Gen. Hamilton Hawkins Howze, whose military career began with the horse cavalry and ended in the Vietnam era of helicopter warfare--which he pioneered--died Dec. 8 in Fort Worth. He was 89.
Considered the father of air cavalry, Howze led a military panel, the Howze Board, that issued a landmark 1962 report on expanding the use of helicopters in the Army.
That report called for aircraft, primarily helicopters, to ferry soldiers to the battlefield, bring them supplies, fire on the enemy and evacuate casualties.
Within a few years, gunships and helicopters bearing troops and materiel filled the skies over Vietnam, becoming essential tools of warfare. The Army eventually built an entire division--the 101st Airborne--around helicopters, largely due to Howze.
By the war's end, the Army had a force of 10,000 helicopters.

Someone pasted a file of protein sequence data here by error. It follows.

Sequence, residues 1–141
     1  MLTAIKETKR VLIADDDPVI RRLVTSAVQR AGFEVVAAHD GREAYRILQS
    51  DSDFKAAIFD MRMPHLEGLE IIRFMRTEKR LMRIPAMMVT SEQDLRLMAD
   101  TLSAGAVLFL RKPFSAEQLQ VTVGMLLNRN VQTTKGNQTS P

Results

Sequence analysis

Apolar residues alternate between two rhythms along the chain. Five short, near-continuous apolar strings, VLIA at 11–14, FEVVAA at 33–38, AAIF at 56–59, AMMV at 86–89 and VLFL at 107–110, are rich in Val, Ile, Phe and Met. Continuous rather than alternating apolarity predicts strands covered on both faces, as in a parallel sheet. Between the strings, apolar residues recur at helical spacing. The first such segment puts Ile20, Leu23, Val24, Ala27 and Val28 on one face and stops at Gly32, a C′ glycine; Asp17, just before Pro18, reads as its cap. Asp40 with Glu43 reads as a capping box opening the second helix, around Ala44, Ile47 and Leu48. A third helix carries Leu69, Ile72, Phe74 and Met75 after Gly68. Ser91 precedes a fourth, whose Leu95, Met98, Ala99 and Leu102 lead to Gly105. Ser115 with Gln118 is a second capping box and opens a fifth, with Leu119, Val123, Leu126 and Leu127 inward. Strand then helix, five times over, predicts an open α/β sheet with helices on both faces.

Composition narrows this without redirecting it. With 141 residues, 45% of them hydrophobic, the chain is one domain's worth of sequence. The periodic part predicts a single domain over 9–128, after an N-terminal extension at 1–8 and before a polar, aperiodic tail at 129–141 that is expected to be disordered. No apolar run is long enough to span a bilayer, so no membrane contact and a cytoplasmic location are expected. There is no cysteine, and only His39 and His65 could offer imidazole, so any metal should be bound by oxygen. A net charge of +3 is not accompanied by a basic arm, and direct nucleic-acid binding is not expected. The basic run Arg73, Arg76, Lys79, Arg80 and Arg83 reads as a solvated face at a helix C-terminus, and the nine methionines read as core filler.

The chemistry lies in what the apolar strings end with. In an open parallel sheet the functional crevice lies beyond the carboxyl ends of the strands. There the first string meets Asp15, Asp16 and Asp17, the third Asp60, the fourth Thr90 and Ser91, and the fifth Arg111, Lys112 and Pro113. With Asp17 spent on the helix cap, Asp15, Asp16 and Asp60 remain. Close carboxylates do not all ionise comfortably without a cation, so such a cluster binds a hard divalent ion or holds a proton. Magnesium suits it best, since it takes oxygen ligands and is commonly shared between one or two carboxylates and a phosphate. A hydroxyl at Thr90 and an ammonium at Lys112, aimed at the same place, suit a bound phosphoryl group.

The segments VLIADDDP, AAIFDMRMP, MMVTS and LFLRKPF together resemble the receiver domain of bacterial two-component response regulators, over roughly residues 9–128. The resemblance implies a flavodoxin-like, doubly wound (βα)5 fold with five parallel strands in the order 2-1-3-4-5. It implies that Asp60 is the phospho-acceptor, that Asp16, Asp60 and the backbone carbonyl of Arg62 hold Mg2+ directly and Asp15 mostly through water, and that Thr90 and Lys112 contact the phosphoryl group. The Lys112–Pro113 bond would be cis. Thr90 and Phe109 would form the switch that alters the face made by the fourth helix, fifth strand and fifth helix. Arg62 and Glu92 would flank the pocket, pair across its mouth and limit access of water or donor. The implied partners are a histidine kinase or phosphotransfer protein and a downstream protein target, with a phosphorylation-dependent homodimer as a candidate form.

"The Huey [helicopter] was to our rifleman roughly what the horse was to the cavalryman, close by and ready," Howze once said.
Howze was born Dec. 21, 1908, at West Point. His father, Maj. Gen. Robert Lee Howze, was commandant of cadets. The younger Howze graduated from West Point in 1930 and joined the cavalry, where he honed his polo skills.
In World War II, he commanded the 1st Armored Division in Tunisia and then Italy, earning the Silver Star for service in North Africa.
In 1965, after serving for two years as United Nations commander in South Korea, he retired from the Army and became an executive and consultant for Bell Helicopter in Fort Worth.
Howze is survived by his wife, Mary, and two sons, Lt. Col. William Howze of Harker Heights, Texas, and Guy Howze of Austin, four grandchildren and five great-grandchildren.